August 28, 2020
Dear Boston University Students,
The fall semester is about to start. Many of you have already moved back to your on- or off-campus residences over the last two weeks, and all will be here by the end of the coming weekend. You can feel the energy returning as we resume living and learning on campus. As you return to Boston or join us for the first time, you are entering a new and different environment.
Leveraging our resources as a research university, we have developed the systems and protocols to monitor and damp the spread of COVID-19 in our community. Our required practices for physical distancing, face covering, and hygiene are highly visible in our signage and daily communications. We have developed one of the most comprehensive testing and contact tracing systems in place at any university. These changes in our environment are readily evident.
The most important change—one that is less physically evident but absolutely critical—is in what each of us does to ensure we succeed in protecting our community and each other.
We all share a responsibility for the well-being of the Boston University community.
To keep the virus at bay, we all must do the following three things:
- We must adhere to the testing and daily symptom reporting processes. This is critical. Each test not taken, each attestation not filed or submitted with inaccurate responses, is a hole in the net we have built to catch the disease before it spreads. Each hole leaves us needlessly vulnerable.
- We must adhere to the protocols for face coverings and physical distancing at all gatherings, both on campus in our classrooms, laboratories, dining halls and residences, and off campus.
- We must follow these protocols outside the University. Attending parties or other gatherings without practicing physical distancing or wearing face coverings is behavior that endangers the entire academic community and threatens our ability to maintain our in-person learning and residential community.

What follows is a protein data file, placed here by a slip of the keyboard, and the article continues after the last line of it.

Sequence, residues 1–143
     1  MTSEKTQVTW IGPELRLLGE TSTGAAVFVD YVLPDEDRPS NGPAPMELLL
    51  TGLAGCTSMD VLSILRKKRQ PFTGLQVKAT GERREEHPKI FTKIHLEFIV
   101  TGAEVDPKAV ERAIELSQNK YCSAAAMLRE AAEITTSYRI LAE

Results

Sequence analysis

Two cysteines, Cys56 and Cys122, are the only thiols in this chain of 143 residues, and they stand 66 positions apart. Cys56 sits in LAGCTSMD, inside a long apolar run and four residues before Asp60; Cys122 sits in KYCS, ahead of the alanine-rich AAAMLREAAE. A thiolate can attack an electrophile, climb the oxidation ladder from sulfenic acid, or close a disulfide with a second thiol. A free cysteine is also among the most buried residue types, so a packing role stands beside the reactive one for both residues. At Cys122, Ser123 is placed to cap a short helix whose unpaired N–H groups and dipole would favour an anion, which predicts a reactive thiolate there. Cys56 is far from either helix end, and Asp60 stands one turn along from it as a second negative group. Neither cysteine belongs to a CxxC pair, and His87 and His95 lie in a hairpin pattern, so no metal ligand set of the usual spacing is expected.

We have all read of the failures at the University of North Carolina and Notre Dame last week. Our testing protocols are far more extensive than the protocols in place at these two universities and those of most other institutions. But testing is not enough. At both institutions, the starting points for the spread of COVID-19 were off-campus parties that are typically associated with the start of the fall semester on or near a college campus.
You have the power to prevent that from happening at BU. Please be wise. Avoid large parties, and when you do get together with people, stick to small groups, wear masks, and assume responsibility for your health and the health of everyone around you.
Our ability to maintain our residential university—and the fulfilling campus experience that goes with that—depend on you. At no time in the history of Boston University has our ability to accomplish our missions of teaching and research been so dependent on the actions of each and every member of our community. Our processes and protocols are in place. We are beginning to live in the new normal that will continue until an effective vaccine is widely available. Together, we can show others how a well-developed plan, based on science and implemented by a focused academic community, can overcome COVID-19 and reestablish the living and learning community that defines Boston University.
I am counting on all of you to be responsible members of the Boston University community. I look forward to seeing you on campus.
Robert A. Brown